You may enjoy a good Halloween scare, but certainly, not one that involves your pet’s safety. For you, Halloween may be a hoot, but the ghostly decor, creepy costumes, and a perpetually ringing doorbell can make the evening a real nightmare for your pet. To keep your pet safe and fear-free this Halloween, read our Caring Hands Animal Hospital team’s tips. 

Halloween candy is anything but sweet for pets 

Sure, Halloween candy is technically for kids, but many adults like to stock up early and maybe sneak a few tastes for quality assurance purposes, of course. In most households, Halloween candy appears long before October 31 and sticks around months after the kids come home with their tasty loot. Remember, pets are opportunistic, and you should keep the following  Halloween treats stored securely out of your pet’s reach:

  • Chocolates — Chocolates, especially dark or baking chocolate, can be deadly for dogs and cats. If your pet has ingested chocolate, their signs can include vomiting, diarrhea, seizures, and death.
  • Xylitol — This ingredient is commonly used in sugar-free candy. If ingested, xylitol can cause an extreme drop in a pet’s blood glucose, leading to incoordination and seizures. 
  • Raisins — No one likes to get raisins in their trick-or-treat bag, but don’t give them to your pet, because these candy-like fruits can cause them to experience kidney failure. 
  • Nuts — Some nuts, such as macadamia nuts, are toxic to pets, but all nuts are high in fat, and can cause gastrointestinal (GI) upset and possibly pancreatitis. Do not feed your pet any nuts.
  • Candy wrappers — Candy wrappers and lollipop sticks may look attractive to your pet, but if they ingest this debris, your furry pal can experience an intestinal blockage.

With Halloween’s frivolity and commotion, you may not be keeping as close an eye on your pet’s whereabouts as usual. However, if you know or suspect your pet has ingested a poisonous substance, immediately call Caring Hands Animal Hospital or Animal Poison Control.

Pet costumes are cute but not always comfortable 

Ah, the irresistible allure of pet costumes! Who can resist dressing up their furry friend in a pumpkin suit, turning them into a tiny taco, or decking them out as Yoda for Halloween? However, before you start fantasizing about the cutest pet ensemble, consider these comfort and safety concerns:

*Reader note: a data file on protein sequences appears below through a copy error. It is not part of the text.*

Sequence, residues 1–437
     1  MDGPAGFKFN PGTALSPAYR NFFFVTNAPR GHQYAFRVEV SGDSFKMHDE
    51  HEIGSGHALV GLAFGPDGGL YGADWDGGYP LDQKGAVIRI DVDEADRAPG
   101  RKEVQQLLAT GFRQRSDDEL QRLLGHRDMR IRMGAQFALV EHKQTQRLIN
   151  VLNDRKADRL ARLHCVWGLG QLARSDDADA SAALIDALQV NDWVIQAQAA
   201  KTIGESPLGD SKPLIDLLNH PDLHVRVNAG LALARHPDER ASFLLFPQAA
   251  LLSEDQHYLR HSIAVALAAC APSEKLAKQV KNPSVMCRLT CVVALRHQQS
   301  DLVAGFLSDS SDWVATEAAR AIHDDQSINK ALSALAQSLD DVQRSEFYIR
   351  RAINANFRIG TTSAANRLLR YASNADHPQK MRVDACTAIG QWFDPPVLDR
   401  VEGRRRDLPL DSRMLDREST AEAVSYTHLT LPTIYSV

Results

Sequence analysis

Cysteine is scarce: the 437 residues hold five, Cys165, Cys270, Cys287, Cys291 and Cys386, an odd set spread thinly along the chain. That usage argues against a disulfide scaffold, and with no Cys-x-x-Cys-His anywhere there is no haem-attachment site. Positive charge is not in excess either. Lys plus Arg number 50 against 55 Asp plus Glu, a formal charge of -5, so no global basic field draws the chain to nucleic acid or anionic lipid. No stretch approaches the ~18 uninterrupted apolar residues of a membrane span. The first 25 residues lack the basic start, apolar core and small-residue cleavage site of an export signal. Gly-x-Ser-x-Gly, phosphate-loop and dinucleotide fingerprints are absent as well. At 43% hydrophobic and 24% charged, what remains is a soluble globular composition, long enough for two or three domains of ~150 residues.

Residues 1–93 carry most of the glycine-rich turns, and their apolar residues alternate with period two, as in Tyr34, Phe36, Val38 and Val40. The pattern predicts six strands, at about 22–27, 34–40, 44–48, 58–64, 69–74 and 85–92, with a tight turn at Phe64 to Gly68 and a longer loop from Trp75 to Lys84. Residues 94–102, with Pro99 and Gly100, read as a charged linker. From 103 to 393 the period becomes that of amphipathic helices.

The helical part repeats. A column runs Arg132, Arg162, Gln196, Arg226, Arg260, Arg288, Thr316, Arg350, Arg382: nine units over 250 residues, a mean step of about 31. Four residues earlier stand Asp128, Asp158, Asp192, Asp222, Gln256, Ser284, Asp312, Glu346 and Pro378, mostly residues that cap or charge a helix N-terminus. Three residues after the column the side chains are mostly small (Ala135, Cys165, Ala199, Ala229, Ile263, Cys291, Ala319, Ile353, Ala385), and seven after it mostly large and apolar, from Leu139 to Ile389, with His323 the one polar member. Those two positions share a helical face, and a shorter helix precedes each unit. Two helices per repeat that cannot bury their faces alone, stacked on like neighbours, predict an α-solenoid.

• Movement restriction — A costume that restricts a pet’s natural movement, can cause them to experience mobility issues, hindering their ability to walk, jump, or turn around.
  • Sensory overload — Costumes that include hats or hoods can interfere with a pet’s peripheral vision and limit their hearing, which can be disorienting and stressful.
  • Unfamiliarity —  Pets are unaccustomed to wearing elaborate clothing. The new sensation of having fabric around their body can be uncomfortable.
  • Overheating — Pets can easily become overheated from wearing a costume made of thick material for a long period.
  • Choking hazards — Small, easily detachable parts, such as buttons or bows, can be choking hazards.

Costumes can make for delightful Halloween memories with your pet, but the garment should never come at the expense of your furry pal’s wellbeing. If your pet appears uncomfortable, immediately take them out of their costume. Discomfort signs include folded down ears, refusing to move, pacing, tucking their tail, and hunching over. If your pet isn’t a costume fan, but you still want them to look festive, a simple Halloween-themed bandana can be as cute as a costume and far less intrusive.

Trick-or-treating is no treat for pets 

Trick-or-treating is a timeless Halloween tradition. For kids, the activity is the holiday’s highlight. For parents, trick-or-treating provides endless photo ops. However, for pets—well, let’s just say that walking the neighborhood in the dark and ringing doorbells are more trick than treat. Even the most social pet may not find the experience as enchanting as their human counterparts. If you bring your pet trick-or-treating, they face safety risks that include:

  • Stranger danger — From kids dressed as zombies to adults donning spooky masks, pets can find these odd human transformations quite unsettling. 
  • Noise sensitivity — Excited children’s chatter, constantly ringing doorbells, and the occasional scream can be too much for your pet. 
  • Increased traffic — On Halloween night, your street and neighborhood may have more people and traffic than on any other night of the year. These conditions can be hazardous for pets, especially those who might escape in a moment of panic. 

Trick-or-treating is best left to the two-legged household members. Your pet will be happier spending a quiet evening at home, away from the excitement. Set up a quiet, comfortable space for your pet, away from the chaos. Provide comfortable bedding, a few favorite toys, and a long-lasting treat to keep them content and distracted, and play calm, music or television to mask some of the noise.

Halloween can be fun for pets if you take precautions to keep them safe and fright-free. If your four-legged friend gets into any Halloween mischief, contact our Caring Hands Animal Hospital team.